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Important collection
by Lee Chottiner
Executive Editor
Jan 06, 2011 | 1917 views | 0 0 comments | 9 9 recommendations | email to a friend | print
<i>A special edition of the Chronicle, shortly after the  1973 Yom Kippur War broke out, is one of many artifacts the Rauh is processing.</i>
A special edition of the Chronicle, shortly after the 1973 Yom Kippur War broke out, is one of many artifacts the Rauh is processing.
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The Jewish Chronicle’s move from Shadyside to Squirrel Hill is proving to be a bonanza for the archivists of Pittsburgh’s Jewish history.

Since the Chronicle announced its move in late December, representatives of the Rauh Jewish Archives, a division of the Senator John Heinz History Center, have been scouring the paper’s files searching for items worthy of preservation.

They have found quite a bit, including, books, newsletters, back issues of the Chronicle and other Jewish papers — but nothing more exciting than the Chronicle’s extensive photo collection, which contains an estimated 32,000 files of prints of Jewish leaders and philanthropists taken over the paper’s 48-year history.

The Chronicle plans to donate the collection to the Rauh, whose archivists will begin moving the 70-plus boxes of files this week.

How many prints those files contain is virtually impossible to say just now.

“One file could contain one print or it could contain 50,” said Molly Tighe, a contracted archivist for the Rauh who has been working at the paper preparing the files for the move to the Heinz center.

The shear size of the collection makes it an exciting project for the Rauh.

“We think this is an extremely important collection,” Rauh archivist Susan Melnick said. “It not only documents the newspaper and its work, but it’s the content of the newspaper, which has documented the community since 1962.”

She added, “This may be the largest collection of pictures of people in the Pittsburgh Jewish community. What a resource!”

The Chronicle recently sold its two-story office building at 5600 Baum Blvd., and is preparing to move into a smaller space at Congregation Beth Shalom by mid-January. While the new location is not large enough to accommodate the paper’s photo collection, the Rauh is also better suited to store the files until they can be sorted, catalogued and ultimately digitized.

“We’d also like to select some of the photographs … have them digitized and put up on Historic Pittsburgh,” Melnick said.

Historic Pittsburgh is an online collection of local resources that supports personal and scholarly research of the western Pennsylvania area. The University of Pittsburgh’s Digital Research Library maintains the Historic Pittsburgh website.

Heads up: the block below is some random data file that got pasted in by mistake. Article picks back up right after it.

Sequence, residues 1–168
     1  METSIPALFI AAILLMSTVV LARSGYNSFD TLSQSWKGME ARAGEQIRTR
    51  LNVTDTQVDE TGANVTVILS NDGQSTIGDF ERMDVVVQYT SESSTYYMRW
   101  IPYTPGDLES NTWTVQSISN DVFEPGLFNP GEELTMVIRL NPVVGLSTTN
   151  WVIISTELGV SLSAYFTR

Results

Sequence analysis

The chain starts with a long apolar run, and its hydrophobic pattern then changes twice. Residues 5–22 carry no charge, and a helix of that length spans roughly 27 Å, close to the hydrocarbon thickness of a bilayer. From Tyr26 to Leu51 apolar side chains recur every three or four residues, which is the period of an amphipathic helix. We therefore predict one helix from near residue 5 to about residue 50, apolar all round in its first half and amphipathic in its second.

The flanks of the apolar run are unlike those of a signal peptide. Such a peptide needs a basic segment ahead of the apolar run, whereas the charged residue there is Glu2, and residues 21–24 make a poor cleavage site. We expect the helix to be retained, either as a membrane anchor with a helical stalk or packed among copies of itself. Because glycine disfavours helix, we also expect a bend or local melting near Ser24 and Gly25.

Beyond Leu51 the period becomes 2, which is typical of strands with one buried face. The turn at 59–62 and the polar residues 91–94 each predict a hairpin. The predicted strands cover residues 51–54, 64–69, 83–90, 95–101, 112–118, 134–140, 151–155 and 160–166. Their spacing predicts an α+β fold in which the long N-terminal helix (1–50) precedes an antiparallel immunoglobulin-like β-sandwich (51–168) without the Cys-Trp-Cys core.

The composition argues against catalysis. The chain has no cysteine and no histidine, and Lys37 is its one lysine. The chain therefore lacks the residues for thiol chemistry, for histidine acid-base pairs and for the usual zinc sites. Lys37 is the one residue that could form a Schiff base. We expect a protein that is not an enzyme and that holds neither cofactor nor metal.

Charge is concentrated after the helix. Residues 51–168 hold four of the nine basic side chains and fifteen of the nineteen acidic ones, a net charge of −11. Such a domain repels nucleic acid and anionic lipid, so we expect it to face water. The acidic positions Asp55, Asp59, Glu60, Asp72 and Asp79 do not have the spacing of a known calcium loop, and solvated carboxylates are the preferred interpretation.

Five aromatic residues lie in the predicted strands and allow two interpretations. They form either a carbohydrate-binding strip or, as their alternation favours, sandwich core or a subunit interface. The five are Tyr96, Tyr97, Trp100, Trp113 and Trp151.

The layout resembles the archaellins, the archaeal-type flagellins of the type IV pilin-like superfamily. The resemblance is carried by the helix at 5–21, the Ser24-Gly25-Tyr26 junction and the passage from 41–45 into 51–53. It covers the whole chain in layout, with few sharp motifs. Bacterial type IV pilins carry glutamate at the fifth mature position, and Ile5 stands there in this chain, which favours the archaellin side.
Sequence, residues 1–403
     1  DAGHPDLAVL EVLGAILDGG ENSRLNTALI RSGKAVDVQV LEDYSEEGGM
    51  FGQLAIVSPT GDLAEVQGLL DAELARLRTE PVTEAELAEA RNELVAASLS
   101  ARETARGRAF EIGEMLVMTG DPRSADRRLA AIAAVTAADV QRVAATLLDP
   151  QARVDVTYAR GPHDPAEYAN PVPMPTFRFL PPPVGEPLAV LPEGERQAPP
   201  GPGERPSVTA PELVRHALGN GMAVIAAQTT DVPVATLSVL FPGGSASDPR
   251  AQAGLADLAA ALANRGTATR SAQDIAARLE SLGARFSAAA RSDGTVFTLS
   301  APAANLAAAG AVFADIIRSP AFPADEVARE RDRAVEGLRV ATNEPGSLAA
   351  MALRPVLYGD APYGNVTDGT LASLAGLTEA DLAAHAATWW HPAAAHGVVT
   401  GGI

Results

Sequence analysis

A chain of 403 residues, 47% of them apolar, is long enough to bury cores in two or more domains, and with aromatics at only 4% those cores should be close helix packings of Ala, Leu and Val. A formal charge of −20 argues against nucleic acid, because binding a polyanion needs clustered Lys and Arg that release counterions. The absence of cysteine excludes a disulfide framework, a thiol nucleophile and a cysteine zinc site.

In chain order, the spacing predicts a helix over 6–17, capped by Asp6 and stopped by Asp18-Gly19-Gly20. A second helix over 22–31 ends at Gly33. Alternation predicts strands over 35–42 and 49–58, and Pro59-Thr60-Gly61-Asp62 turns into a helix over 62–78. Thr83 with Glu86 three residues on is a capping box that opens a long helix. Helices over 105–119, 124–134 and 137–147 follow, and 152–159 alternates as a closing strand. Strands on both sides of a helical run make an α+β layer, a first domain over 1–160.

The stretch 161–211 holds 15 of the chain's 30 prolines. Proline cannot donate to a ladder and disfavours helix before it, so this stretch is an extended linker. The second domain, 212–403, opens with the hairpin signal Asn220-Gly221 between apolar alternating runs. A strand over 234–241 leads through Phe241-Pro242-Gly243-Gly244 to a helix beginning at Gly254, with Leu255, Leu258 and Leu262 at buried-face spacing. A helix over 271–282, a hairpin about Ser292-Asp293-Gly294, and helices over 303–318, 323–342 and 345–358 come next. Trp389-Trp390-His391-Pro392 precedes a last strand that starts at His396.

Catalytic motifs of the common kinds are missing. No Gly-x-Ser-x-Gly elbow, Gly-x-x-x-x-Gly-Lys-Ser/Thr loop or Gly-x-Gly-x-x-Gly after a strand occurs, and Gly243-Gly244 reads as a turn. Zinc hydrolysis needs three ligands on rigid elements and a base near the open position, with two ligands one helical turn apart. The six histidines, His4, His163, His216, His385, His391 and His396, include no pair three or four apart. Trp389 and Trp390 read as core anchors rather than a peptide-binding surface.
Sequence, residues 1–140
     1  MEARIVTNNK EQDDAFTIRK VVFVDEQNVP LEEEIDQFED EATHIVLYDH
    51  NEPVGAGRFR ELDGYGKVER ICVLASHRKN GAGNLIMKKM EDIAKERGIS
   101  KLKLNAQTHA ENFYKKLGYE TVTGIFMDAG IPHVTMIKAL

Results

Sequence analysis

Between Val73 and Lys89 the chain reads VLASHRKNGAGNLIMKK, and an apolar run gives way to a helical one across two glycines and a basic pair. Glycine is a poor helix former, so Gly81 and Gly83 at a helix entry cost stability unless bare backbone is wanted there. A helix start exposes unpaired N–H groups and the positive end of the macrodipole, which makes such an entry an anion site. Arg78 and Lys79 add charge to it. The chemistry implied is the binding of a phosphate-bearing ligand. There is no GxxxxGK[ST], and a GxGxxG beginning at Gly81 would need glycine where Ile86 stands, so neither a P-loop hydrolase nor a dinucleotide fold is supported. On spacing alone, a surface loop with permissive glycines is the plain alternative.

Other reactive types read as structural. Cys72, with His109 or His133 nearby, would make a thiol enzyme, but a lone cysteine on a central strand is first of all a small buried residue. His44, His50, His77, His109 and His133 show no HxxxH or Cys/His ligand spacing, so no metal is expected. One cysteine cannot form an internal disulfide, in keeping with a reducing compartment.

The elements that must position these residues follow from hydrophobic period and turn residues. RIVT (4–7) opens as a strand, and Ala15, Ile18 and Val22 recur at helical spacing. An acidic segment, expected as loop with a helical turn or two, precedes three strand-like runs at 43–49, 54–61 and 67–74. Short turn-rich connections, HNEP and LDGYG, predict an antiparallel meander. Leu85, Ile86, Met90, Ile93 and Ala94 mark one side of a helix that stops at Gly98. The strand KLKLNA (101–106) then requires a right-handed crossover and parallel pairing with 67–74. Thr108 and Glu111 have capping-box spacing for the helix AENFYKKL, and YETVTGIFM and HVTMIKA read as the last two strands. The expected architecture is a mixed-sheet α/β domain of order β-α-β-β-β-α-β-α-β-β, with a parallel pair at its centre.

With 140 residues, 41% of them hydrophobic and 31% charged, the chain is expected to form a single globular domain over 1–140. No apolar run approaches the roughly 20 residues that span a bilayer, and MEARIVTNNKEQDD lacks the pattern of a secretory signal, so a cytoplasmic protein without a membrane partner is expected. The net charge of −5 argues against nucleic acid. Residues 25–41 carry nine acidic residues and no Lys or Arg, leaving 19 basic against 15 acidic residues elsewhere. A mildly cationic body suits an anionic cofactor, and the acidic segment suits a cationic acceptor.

The photo collection includes images of both the nationally famous, and locally prominent — feminist and former U.S. Rep. Bella Abzug, filmmaker Stephen Spielberg and former Pittsburgh Mayors Sophie Masloff and Richard Caliguiri, to name just a few.

The collection includes photos of several past members of the Chronicle staff, including former General Manager Al Zecker, former Executive Editor Joel Roteman and former Assistant Editor Iris Samson.

Processing and digitizing the photos and other records will, of course, cost money. Melnick said she is planning an intensive fundraising effort to support the work.

She did not say how much she is seeking, but the work will take years to complete.

“They’re not going to disintegrate in the next few years,” she said, “but I just think this is a marvelous collection, and I’m going to be as aggressive as we can be to get this done.”

Among other artifacts at the paper are old newsletters and press releases from Jewish organizations, back issues of the Chronicle and other Jewish newspapers around the country and from Israel, and old advertisements.

Tighe has been spending much of her time at the Chronicle “triaging” items with the most historical significance.

“Triage would be identifying any major preservation issues,” she said. For instance, “if I found mold growing on something or if I found some film in really bad physical condition — deteriorating — and could harm other items just by proximity.”

Those items would be flagged for immediate attention, she said, which has not yet happened.

So far, so good,” Tighe said. “Nothing has been so bad that much [attention] is needed at this point.”

The only item of concern she has found is adhesives — tape and glue — on several older prints. That is generally not good,” Tighe said. [Adhesives] can deteriorate a lot quicker than paper. It can cause yellowing and deterioration.

(Lee Chottiner can be reached at leec@thejewishchronicle.net.)

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